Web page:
Bridget

Beautiful Bulgaria.

In nature, Off the beaten track. on May 28, 2012 at 10:14 am

Two of my three weeks away were spent in the beautiful country of Bulgaria. A place of beautiful nature, unspoilt countryside, Christian Orthodox churches filled with beautiful icons like the one above which is in St. George’s monastery in Pomorie and so much more….

An abundance of produce which grows easily in the long hot Summers. The Winters there are short and sharp. Every house has a garden and lots of fruit trees. Plums, Peaches, Grapes and Walnuts seem to grow everywhere. Tomatoes here taste like nowhere else…so sweet and delicious.

The land here is open…no fences. The animals are taken out to graze daily by a shepherd who gets paid a fixed amount for each animal in his care. At night the Cows, Goats and Sheep are milked and kept in the yards behind the houses. It’s lovely morning and evening to hear the bells the animals wear tinkling in the distance before you see them.It’s a long day for the shepherd…7.30 in the morning to 7 in the evening. Each shepherd has 3 or 4 dogs to protect and herd the flock.

There are about 5,000 pairs of Storks in Bulgaria. Their arrival at the end of March is seen as an indication of the beginning of Spring. Bulgarians have great fondness and respect for Storks…they are associated with good luck and fertility.

Nests are never interfered with and it be considered very bad luck to kill a Stork. They have a great fondness for nesting on top of electricity poles. To protect the birds and stop them causing power outages special nesting platforms have been placed on top of the poles.

Small villages are dotted throughout the countryside. Always the same…stone and brick houses with red tile roofs. Most of the houses were built in the 50s by the Communist Government. Sadly many of the houses are now needing repairs but rural poverty means that the living conditions are less than we in the west would find acceptable. Bulgaria is now an independent republic.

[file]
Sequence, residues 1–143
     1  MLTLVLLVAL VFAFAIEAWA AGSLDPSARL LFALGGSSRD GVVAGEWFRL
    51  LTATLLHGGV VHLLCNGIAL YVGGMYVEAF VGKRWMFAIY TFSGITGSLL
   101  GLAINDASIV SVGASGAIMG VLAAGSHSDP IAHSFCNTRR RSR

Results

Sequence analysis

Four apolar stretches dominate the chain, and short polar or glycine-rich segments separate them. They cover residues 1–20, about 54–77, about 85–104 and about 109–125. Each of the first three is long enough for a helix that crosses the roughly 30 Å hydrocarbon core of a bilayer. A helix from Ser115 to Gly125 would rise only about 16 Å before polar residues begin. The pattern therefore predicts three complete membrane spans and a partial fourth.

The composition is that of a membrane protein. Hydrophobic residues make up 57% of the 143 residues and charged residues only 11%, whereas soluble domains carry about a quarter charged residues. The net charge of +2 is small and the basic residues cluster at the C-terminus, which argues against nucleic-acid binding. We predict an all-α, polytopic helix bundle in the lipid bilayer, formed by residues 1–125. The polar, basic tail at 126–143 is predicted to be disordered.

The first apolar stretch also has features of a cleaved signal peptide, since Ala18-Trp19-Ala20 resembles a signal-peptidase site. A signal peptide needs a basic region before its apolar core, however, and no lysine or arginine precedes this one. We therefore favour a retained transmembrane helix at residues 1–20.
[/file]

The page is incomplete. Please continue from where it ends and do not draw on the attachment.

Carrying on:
Every town has a fruit and veg market. This one in the town of Elhovo is held twice weekly. The stalls are run by locals selling fresh local produce. Cherries were in season when we were there…so delicious. I bought a kilo for 6 leva. A lev is worth about 50 cent. Also on sale is the traditional drink Rakia. Made from Plums or Grapes it packs a punch but is delicious as a hot drink with honey. A brought home a couple of bottles for medicianal use in the Winter. No pleasure of course!!! The local honey is gorgeous too. Raw and unpasteurised…straight from the hives…just as Nature intended. I suppose that’s what I like most about Bulgaria…it is still pure and unspoilt…a bit like Ireland was 40 or so years ago.

Click on pics to enlarge.

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  1. My closest friend moved to Bulgaria a few years ago. I’ve wanted to visit her since but your post made me REALLY want to go there.

    I’m glad you got to go!

  2. Yes also in sri lanka and other parts of asia i have seen the posters a way of sharing the news

  3. Were you as shocked as I am by the stork nests in the wires??!!! What a wonderful trip! Will comment more after reading part 2!

  4. Storks on platforms! Seems like a fairy tale. Interesting that it reminded you of Ireland 40 years ago and you sited that as a good thing. I visited Ireland a few times in the mid seventies and found the contrast between the comfortable life of the UK and the poverty I walked past in the Irish countryside (and the streets of Dublin) disconcerting and worrying. I was glad for Ireland when it hit the good times . . . .